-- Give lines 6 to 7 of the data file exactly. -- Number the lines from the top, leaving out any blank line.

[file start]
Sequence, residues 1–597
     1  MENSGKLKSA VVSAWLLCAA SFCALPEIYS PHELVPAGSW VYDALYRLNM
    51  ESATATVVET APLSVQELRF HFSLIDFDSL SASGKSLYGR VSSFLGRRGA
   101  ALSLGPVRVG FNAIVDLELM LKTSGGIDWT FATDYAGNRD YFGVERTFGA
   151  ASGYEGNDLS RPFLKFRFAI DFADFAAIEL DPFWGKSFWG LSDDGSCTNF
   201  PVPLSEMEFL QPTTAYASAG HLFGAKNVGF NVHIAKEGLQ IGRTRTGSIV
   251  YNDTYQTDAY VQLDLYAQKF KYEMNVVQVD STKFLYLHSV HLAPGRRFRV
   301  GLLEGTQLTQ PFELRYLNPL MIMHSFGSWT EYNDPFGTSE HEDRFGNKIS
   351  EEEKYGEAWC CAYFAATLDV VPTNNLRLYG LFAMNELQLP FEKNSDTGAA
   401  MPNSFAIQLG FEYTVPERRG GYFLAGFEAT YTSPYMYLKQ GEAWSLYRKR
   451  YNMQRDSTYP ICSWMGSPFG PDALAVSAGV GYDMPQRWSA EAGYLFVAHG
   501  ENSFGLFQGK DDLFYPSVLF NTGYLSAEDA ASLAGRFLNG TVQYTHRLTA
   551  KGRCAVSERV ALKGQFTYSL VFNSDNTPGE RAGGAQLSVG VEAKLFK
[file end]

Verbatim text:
   201  PVPLSEMEFL QPTTAYASAG HLFGAKNVGF NVHIAKEGLQ IGRTRTGSIV
   251  YNDTYQTDAY VQLDLYAQKF KYEMNVVQVD STKFLYLHSV HLAPGRRFRV